Adherence to the DASH Diet is Inversely Associated with Incidence of Type 2 Diabetes: The Insulin Resistance Atherosclerosis Study

  1. Angela D Liese, PhD, MPH (Liese{at},
  2. Michele Nichols, MS1,
  3. Xuezheng Sun, MSPH1,
  4. Ralph B D'Agostino, Jr, PhD2 and
  5. Steven M Haffner, MD3
  1. 1Department of Epidemiology and Biostatistics and Center for Research in Nutrition and Health Disparities, Arnold School of Public Health, University of South Carolina, Columbia, South Carolina
  2. 2Department of Public Health Sciences, Wake Forest University School of Medicine, Winston-Salem, North Carolina
  3. 3Department of Medicine, University of Texas Health Science Center at San Antonio, Texas


    Objective: The Dietary Approaches to Stop Hypertension (DASH) diet has been promoted widely, yet little is known about its impact on type 2 diabetes mellitus (T2DM).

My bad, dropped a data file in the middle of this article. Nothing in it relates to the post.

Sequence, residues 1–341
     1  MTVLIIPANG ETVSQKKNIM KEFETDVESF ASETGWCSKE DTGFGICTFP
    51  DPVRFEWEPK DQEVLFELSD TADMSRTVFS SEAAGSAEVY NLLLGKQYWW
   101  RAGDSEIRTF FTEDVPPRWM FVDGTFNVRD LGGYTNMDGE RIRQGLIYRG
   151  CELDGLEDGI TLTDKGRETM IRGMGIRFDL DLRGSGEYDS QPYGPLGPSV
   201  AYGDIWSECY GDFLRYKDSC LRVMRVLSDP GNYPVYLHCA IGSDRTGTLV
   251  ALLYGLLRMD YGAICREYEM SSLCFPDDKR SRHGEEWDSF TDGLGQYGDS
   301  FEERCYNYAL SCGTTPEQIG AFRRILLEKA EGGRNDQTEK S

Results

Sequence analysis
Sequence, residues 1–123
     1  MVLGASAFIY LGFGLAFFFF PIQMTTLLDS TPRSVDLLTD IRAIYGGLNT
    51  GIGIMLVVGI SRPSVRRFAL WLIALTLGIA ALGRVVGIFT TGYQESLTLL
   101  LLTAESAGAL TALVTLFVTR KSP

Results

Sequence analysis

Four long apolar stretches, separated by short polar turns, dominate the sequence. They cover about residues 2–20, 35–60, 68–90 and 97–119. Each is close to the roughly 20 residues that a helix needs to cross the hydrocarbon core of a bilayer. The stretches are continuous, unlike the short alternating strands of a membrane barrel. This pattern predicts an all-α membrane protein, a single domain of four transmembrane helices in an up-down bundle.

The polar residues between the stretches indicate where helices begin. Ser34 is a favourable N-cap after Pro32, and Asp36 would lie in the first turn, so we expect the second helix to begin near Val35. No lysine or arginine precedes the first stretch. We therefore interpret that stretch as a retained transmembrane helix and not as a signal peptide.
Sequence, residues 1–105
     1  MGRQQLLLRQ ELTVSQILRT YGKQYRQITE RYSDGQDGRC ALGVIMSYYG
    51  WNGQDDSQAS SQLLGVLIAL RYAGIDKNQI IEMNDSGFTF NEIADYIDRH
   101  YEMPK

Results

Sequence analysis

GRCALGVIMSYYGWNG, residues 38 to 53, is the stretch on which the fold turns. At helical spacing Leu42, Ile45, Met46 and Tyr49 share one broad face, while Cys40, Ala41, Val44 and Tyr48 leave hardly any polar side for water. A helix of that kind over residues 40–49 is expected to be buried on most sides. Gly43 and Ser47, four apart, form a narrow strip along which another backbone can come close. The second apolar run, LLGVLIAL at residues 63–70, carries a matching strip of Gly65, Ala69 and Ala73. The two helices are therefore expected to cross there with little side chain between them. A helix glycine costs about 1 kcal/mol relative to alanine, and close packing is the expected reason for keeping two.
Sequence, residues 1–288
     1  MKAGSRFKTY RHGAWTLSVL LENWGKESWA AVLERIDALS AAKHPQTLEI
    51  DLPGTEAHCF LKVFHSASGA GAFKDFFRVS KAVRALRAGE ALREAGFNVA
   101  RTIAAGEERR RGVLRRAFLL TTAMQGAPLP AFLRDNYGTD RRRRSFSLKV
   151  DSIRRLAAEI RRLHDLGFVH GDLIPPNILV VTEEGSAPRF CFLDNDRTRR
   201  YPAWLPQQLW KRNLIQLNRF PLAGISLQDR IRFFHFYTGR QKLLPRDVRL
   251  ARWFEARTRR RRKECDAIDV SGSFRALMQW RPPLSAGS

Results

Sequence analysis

Research Design and Methods: We evaluated the association of DASH diet with incidence of T2DM among 862 participants of the Insulin Resistance Atherosclerosis Study who completed a 1-year food frequency questionnaire at baseline. T2DM odds ratios (OR) were estimated at tertiles (T) of the DASH score.

    Results: An inverse association was observed in Whites (T2 vs. T1: OR=0.66, 95%CI 0.29-1.48) which became significant for the most extreme contrast (T3 vs. T1: OR=0.31, 95% CI 0.13-0.75) adjusting for covariates No association was observed in Blacks or Hispanics (T2 vs. T1: OR=1.16 95%CI 0.61-2.18; T3 vs. T1 OR=1.34, 95%CI 0.70-2.58).

    Conclusion: Adherence to the DASH dietary pattern, which is rich in vegetables, fruit, and low-fat dairy products, may have the potential to prevent type 2 diabetes.


      • Received February 6, 2009.
      • Accepted May 12, 2009.